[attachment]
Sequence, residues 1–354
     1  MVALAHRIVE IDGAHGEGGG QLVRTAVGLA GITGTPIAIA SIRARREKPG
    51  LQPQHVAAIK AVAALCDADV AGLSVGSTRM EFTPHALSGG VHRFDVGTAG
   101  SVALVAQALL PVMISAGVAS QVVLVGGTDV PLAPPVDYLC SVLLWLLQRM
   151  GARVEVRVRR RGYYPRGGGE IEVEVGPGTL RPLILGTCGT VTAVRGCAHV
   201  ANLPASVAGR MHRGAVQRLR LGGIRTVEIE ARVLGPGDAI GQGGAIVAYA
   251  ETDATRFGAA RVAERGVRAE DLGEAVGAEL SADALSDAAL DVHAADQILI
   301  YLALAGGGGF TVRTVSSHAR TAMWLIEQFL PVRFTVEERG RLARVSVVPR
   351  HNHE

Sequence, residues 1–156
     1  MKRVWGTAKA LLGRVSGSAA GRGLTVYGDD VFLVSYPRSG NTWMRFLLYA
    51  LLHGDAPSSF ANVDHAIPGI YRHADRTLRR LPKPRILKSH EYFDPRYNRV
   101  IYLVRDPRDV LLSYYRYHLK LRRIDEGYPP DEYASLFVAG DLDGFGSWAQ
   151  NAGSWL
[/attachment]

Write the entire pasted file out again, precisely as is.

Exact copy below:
Sequence, residues 1–354
     1  MVALAHRIVE IDGAHGEGGG QLVRTAVGLA GITGTPIAIA SIRARREKPG
    51  LQPQHVAAIK AVAALCDADV AGLSVGSTRM EFTPHALSGG VHRFDVGTAG
   101  SVALVAQALL PVMISAGVAS QVVLVGGTDV PLAPPVDYLC SVLLWLLQRM
   151  GARVEVRVRR RGYYPRGGGE IEVEVGPGTL RPLILGTCGT VTAVRGCAHV
   201  ANLPASVAGR MHRGAVQRLR LGGIRTVEIE ARVLGPGDAI GQGGAIVAYA
   251  ETDATRFGAA RVAERGVRAE DLGEAVGAEL SADALSDAAL DVHAADQILI
   301  YLALAGGGGF TVRTVSSHAR TAMWLIEQFL PVRFTVEERG RLARVSVVPR
   351  HNHE

Sequence, residues 1–156
     1  MKRVWGTAKA LLGRVSGSAA GRGLTVYGDD VFLVSYPRSG NTWMRFLLYA
    51  LLHGDAPSSF ANVDHAIPGI YRHADRTLRR LPKPRILKSH EYFDPRYNRV
   101  IYLVRDPRDV LLSYYRYHLK LRRIDEGYPP DEYASLFVAG DLDGFGSWAQ
   151  NAGSWL